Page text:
And during the good years, you make a killing and get even more of the above.

1200 applicants with few openings....why on earth would an orthodontist hire another orthodontist?!?! The true applications of this employment model seem few and far between.

1200 seems awfully exaggerated though....the BLS shows 7700 orthos in US. 15% unemployed....

With new starts down as much as suggested, that has got to suck. No one likes to take a hit on their lifestyle.

Hang a shingle, get to work.
My post actually mentions jobs and practices not one or the other. Yes I know several orthodontists that do not have work right now. I also know several who are underemployed. I know that this statement is anecdotal but since you dont like my statistics what else is their.

Ortho is awesome. I dont know an orthodontist that doesnt love what he does and that includes me. At the same time, I want to be able to support my family. Dont think for a second that bad things cant happen to this profession, they are already happening. As distastefull as it is to compare ortho to law or chiropractic care, both of these professions used to be more lucrative with more solid prospects for work and making a good living. Both have been damaged significantly due to increases in the supply of professionals. This supply increased for the same reason that the supply of orthodontists is increasing. Their was a high demand for the education, and their were those with a desire to supply it. As a member of the profession, I think we have a vested interest in managing its future.

The hang the shingle and get to work days are long gone for ortho. If it were only that simple.
 
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280040

My post actually mentions jobs and practices not one or the other. Yes I know several orthodontists that do not have work right now. I also know several who are underemployed. I know that this statement is anecdotal but since you dont like my statistics what else is their.

Ortho is awesome. I dont know an orthodontist that doesnt love what he does and that includes me. At the same time, I want to be able to support my family. Dont think for a second that bad things cant happen to this profession, they are already happening. As distastefull as it is to compare ortho to law or chiropractic care, both of these professions used to be more lucrative with more solid prospects for work and making a good living. Both have been damaged significantly due to increases in the supply of professionals. This supply increased for the same reason that the supply of orthodontists is increasing. Their was a high demand for the education, and their were those with a desire to supply it. As a member of the profession, I think we have a vested interest in managing its future.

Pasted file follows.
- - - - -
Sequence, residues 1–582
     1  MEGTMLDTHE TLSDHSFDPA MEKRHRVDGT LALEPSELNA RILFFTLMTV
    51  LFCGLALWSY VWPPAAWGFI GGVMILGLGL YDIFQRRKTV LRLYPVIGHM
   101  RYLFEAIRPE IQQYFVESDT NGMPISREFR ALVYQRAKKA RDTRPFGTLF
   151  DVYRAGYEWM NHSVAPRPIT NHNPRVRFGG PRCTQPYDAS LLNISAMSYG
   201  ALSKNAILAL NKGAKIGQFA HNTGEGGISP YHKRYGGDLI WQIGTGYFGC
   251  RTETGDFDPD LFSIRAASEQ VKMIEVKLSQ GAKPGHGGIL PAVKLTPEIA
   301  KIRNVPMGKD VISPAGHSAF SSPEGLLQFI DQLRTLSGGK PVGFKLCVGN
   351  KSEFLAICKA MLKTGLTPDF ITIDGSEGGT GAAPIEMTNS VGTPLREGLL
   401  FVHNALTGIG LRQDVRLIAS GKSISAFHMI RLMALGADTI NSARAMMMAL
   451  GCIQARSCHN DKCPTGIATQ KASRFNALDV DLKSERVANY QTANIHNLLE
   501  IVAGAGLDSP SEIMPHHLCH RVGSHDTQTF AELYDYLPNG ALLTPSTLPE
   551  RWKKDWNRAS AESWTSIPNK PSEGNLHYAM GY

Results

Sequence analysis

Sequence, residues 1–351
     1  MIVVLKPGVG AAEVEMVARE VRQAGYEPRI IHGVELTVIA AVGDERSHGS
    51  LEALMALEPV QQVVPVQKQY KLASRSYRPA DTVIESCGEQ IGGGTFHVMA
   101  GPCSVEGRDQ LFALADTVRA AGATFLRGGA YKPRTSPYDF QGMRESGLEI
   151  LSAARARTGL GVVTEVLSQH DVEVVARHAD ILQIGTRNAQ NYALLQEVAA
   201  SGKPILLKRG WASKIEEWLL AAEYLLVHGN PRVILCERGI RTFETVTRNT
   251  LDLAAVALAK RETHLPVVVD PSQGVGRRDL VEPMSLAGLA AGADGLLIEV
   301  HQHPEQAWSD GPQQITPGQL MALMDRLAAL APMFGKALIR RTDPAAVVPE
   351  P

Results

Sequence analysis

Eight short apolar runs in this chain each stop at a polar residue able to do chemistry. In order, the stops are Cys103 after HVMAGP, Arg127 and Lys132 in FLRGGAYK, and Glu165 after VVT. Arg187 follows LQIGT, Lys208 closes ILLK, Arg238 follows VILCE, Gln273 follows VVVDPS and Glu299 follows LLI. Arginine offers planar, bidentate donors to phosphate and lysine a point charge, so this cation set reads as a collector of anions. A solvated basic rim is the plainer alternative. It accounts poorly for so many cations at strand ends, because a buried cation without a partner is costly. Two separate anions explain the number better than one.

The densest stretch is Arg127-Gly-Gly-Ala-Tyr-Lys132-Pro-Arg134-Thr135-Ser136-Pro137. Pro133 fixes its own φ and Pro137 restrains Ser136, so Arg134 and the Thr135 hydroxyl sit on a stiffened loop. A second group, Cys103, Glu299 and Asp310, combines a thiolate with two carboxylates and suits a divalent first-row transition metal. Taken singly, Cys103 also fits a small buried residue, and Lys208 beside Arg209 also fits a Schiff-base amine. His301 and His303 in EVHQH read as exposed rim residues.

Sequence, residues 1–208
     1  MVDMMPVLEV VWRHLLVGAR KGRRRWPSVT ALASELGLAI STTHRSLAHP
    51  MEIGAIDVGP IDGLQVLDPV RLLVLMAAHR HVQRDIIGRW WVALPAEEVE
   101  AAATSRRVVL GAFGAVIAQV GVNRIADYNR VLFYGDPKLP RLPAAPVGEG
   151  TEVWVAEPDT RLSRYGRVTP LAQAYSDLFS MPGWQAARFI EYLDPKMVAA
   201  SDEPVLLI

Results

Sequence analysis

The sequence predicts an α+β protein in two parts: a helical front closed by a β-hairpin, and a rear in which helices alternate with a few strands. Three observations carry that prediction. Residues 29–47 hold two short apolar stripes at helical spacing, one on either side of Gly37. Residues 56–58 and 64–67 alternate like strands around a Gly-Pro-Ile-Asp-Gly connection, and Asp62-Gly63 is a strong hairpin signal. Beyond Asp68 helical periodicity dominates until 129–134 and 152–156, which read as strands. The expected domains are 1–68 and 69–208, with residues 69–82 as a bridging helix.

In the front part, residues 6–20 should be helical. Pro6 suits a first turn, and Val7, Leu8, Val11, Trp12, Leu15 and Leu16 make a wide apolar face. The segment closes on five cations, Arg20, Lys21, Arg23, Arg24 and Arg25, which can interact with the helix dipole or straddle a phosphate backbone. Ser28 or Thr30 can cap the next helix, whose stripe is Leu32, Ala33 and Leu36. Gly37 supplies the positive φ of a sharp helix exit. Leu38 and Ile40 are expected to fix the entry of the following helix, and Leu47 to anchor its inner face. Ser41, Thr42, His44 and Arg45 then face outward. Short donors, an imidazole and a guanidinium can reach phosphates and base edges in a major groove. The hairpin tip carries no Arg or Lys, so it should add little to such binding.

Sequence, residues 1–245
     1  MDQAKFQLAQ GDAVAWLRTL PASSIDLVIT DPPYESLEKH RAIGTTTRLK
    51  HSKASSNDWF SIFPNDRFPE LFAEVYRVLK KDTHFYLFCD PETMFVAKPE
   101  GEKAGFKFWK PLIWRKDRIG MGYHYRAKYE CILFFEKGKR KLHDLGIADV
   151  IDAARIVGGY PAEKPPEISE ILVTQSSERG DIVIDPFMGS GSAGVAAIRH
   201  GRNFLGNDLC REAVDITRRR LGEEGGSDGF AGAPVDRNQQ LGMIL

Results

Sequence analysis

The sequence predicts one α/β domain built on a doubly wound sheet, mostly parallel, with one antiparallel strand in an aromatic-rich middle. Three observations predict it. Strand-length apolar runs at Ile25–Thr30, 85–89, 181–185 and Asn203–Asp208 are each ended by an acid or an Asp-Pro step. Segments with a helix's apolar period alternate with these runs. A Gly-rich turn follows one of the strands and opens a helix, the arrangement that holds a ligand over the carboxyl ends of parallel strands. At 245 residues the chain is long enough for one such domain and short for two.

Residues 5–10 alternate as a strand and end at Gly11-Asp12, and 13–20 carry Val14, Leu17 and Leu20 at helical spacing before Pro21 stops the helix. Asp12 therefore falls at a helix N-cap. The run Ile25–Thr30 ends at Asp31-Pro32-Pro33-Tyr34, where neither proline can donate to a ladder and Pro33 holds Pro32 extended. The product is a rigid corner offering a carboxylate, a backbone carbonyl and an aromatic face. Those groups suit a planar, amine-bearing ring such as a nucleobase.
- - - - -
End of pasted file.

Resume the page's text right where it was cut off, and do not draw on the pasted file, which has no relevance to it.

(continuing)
The hang the shingle and get to work days are long gone for ortho. If it were only that simple.
Haha. Don't you dare compare yourself to chiro. Youre a dds/dmd so that already puts you ahead of them. :smuggrin: and on top of that you are likely hard working and intelligent due to the simple requirements needed for admission into ortho.

But how can you NOT just hang a shingle with an assistant a front desk and build from there? Ortho fees are just too high for an office to go bankrupt. Perhaps the personal life and lifestyle can cause it. It only takes a few starts to pay your non-discretionary bills. I just don't buy it. Is there a sense of entitlement after college, dschool, ortho at play here? The sense of finally arriving only to find out the hardest work of all has just begun?

I still feel for ya. I'm about to graduate and entering residency and I bet I'd feel the same.

Ortho is still great. I am heading into oms but hang around ortho enough via surgical cases and the patients are just soooo happy with the outcomes. That is just too cool. And they pay you for that.

The argument that ortho did it to themselves is worthless also. If the new wires, bonding techniques, assistant executed adjustments/changes, invisalign, new techniques, new brackets didn't happen, I bet you wouldn't be as interested. If ortho was still at the level of treatment evolution of banding every tooth old school I bet it wouldn't be as interesting to most applicants. If you actually had to do what most ortho assistants do, there would be less interest. If the new modalities with anchorage didn't exist, less interest. The profession is growing with so many neat things and I have only been exposed to the tip of what is available.